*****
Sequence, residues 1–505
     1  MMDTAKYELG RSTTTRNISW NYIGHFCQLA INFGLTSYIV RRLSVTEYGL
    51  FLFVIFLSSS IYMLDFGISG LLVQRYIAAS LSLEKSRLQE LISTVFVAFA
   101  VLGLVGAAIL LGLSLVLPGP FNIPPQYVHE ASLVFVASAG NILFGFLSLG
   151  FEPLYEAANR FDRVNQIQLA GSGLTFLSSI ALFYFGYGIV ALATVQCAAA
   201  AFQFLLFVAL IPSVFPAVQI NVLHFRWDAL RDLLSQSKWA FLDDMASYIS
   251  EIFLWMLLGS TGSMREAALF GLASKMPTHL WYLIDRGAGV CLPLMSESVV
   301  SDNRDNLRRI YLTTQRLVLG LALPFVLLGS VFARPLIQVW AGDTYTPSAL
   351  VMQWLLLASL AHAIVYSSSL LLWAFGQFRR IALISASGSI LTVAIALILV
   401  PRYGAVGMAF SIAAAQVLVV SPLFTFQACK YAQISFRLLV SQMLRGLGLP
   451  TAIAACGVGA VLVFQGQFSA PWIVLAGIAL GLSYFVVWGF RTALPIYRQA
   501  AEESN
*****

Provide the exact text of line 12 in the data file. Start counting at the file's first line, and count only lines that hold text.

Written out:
   501  AEESN